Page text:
Single Mother to Happily Married :: Learning to Give up Control


I’ve always been a single mother. It feels as if it was always just us girls. When you saw me, you would see my three. As much as I disliked the single mother label, it was my reality. And, when decisions had to be made, I made them. Everything was up to me; I had the final say. I was in control of what they ate, when they slept, their schedules, activities, and discipline (or lack thereof). I was the president, CEO, and CFO of our home. Then something changed: I fell in love. And after one week of marriage, I learned a valuable lesson about myself: I have control issues.

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Every decision I made for the girls was my own. I didn’t have to consult anyone. There’s no issue of control when you’re the only one in control.

My husband is amazing! We both have children and blending our family is important to us. We want all of our girls to understand that no one is replacing a parent; you just get this awesome bonus parent that wants to help guide, nurture, and love you. Initially, I thought the girls would be the only ones that would have to adjust, but I quickly learned that I also had to make some adjustments.

I had to relinquish the control I’ve had for so long. 

There was a new element that my husband brought into our marriage and our family – structure. Being a single mom, that was something I hadn’t consistently provided for my girls. And he tried hard to take some responsibilities from me, but I kept fighting to keep them because I had grown accustomed to doing everything myself. Beyond my control issues, I learned another valuable lesson about myself: I didn’t know how to accept help. I spent most of my parenting days as a single mom overworked and exhausted. I couldn’t provide the structure the girls needed because I was just too tired to follow through. My husband began holding me accountable. He wasn’t afraid to tell me the truth about myself, even if I didn’t want to hear it. He made me understand in a loving way that I couldn’t, and most importantly, didn’t have to, do it all alone anymore.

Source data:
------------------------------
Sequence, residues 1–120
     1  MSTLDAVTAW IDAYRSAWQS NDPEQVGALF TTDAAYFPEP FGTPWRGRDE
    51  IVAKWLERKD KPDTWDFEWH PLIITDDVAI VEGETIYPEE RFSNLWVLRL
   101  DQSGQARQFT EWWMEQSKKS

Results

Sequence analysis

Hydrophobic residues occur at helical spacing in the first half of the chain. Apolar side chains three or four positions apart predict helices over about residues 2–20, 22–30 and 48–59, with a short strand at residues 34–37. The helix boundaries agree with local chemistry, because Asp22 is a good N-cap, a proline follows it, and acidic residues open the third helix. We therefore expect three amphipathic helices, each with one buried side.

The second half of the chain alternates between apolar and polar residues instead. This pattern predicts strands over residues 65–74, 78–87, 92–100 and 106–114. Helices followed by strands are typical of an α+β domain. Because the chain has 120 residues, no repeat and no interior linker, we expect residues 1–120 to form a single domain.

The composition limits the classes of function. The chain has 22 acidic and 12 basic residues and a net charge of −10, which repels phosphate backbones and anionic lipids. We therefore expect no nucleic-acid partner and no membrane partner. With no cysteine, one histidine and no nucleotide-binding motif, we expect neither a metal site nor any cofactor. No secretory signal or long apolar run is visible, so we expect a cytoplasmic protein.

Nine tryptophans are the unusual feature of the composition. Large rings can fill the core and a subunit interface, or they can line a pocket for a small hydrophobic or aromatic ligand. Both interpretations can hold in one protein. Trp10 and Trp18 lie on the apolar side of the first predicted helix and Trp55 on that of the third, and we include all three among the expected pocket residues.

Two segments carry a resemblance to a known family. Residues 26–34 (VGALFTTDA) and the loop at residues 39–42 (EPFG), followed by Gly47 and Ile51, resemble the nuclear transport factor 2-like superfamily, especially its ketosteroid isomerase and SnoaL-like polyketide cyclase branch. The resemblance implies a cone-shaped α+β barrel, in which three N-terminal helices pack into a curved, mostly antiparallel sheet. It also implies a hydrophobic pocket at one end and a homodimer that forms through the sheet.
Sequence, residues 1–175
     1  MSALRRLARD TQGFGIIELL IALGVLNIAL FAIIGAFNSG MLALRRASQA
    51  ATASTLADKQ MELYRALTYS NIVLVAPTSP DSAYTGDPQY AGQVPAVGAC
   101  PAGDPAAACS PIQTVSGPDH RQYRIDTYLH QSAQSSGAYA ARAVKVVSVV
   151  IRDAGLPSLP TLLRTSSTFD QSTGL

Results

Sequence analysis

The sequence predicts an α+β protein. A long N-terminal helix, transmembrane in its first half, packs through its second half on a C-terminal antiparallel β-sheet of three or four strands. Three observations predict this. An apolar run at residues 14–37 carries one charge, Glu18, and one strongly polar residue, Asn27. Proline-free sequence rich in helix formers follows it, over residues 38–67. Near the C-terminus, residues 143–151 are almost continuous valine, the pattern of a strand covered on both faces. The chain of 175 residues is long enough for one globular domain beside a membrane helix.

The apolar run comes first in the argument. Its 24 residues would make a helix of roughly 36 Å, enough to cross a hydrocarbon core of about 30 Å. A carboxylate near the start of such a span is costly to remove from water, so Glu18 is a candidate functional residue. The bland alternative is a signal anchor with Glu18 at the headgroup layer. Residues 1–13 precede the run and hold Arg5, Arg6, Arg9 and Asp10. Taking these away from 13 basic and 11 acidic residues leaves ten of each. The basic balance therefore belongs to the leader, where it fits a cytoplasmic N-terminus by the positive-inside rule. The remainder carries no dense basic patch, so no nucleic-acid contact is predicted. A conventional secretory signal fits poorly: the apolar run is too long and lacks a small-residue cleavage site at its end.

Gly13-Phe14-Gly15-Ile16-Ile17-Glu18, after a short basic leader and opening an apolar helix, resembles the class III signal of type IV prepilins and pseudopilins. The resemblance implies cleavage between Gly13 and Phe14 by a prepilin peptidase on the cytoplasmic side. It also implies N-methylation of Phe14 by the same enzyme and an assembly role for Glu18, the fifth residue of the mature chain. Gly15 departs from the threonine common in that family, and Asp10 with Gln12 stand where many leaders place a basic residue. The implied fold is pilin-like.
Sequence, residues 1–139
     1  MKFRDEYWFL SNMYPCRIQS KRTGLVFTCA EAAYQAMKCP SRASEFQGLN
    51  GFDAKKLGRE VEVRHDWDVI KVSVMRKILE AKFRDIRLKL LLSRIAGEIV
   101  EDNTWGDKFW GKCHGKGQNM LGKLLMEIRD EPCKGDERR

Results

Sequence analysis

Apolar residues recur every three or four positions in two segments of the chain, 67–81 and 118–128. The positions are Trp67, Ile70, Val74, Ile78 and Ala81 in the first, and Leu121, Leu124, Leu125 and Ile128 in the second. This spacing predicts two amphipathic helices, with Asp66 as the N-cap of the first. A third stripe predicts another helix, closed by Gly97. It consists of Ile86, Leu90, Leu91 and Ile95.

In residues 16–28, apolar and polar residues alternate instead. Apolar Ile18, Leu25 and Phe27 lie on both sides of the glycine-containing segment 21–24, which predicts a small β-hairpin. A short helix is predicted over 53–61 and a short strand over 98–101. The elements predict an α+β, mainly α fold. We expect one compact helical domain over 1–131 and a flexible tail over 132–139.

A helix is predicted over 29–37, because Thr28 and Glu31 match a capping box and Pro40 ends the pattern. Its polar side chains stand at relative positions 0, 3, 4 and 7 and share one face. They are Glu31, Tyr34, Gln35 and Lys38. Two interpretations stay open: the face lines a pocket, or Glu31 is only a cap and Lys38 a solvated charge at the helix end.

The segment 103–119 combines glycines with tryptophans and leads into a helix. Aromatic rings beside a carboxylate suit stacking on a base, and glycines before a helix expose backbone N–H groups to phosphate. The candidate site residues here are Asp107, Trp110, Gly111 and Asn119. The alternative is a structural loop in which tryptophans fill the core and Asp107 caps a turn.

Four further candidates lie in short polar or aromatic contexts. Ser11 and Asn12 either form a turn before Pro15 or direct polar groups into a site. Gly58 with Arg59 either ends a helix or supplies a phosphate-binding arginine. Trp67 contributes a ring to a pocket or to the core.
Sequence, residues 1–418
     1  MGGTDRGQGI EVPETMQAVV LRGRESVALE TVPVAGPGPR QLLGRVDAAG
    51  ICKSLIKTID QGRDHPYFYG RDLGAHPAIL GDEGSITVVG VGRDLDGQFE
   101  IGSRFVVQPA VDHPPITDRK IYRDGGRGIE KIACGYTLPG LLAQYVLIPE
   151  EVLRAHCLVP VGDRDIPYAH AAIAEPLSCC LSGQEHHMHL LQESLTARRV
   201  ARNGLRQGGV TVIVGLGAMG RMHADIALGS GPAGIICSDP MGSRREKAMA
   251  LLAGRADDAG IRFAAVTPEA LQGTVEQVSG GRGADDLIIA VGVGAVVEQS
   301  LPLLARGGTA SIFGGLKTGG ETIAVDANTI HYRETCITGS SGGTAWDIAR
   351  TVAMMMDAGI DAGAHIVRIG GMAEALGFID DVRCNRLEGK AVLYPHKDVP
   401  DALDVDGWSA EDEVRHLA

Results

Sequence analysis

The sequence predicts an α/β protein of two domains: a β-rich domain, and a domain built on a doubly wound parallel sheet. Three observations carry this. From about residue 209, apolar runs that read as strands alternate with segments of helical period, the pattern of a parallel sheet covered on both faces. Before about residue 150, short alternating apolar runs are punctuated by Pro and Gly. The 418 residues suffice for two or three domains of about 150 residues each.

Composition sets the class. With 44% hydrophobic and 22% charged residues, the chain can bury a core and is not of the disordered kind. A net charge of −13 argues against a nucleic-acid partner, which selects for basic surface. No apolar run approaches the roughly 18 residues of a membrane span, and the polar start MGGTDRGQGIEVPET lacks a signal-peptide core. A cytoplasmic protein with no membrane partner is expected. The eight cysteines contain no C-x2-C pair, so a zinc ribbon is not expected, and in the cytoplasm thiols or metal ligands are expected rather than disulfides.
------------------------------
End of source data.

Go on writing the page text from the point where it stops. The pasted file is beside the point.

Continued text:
How do I allow this man to help me? I was afraid of the unknown. What if he got tired of helping me? What if my life and responsibilities are too much for him to handle? How would this affect our marriage? I began to justify why I shouldn’t let him help me. I knew then that I had to get out of my own way.

I believe in the power of prayer and I pray often. After much prayer, it was clear to me that I prayed for a husband that would be a help because, Lord knows, I didn’t need another person to take of, but here I was blocking my blessing. My husband was an answer to a prayer; beyond just having a help mate, he was someone to share life with that understood my life as a mother with children with special needs. This man wanted to help with doctor appointments, therapies, show up for performances, and give me the time and space to be able to not be just a mother but also a woman. And I was blocking. I finally listened.

I sat my husband down and we discussed my past, my fears, and my initial hesitation. I began to open up and give him the opportunity to find his place in our lives. I stepped down as head of the house, and he took his rightful spot. We began to make decisions about our family together and I noticed I wasn’t as tired, my load wasn’t as heavy, I had more quality time to spend with the girls, and more time to invest in myself. 

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Marriage is teaching me so much about who I am. The lessons aren’t easy but are totally worth it. 


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Angela has Memphis running through her veins. Born and raised here, she loves traveling but Memphis is always home. There is no other city like it. Angela is the mom of three amazingly unique girls: Jordan (June 2003), Carmen (January 2009), and Norah (June 2014). Jordan has Autism and is a talented artist; Carmen is the entertainer that loves dancing and competitive cheering (yes, she is a cheer mom!), and Norah has Down Syndrome and is full of sass. Besides being a full-time mom and a full-time employee, she is also a full-time advocate for her girls with special needs. She enjoys spending time with her family creating memories, vacationing whenever the opportunity arises, and dancing in the kitchen while cooking. Her mottos for life are: with God all things are possible, every day is a new day to be grateful, and live to love and love to smile.


  1. I love this article. As women we take the load and aren’t good at sharing responsibility even being married to someone for years. My husband and I have been together 21 years with children in college and I still have a hard time letting go of things.

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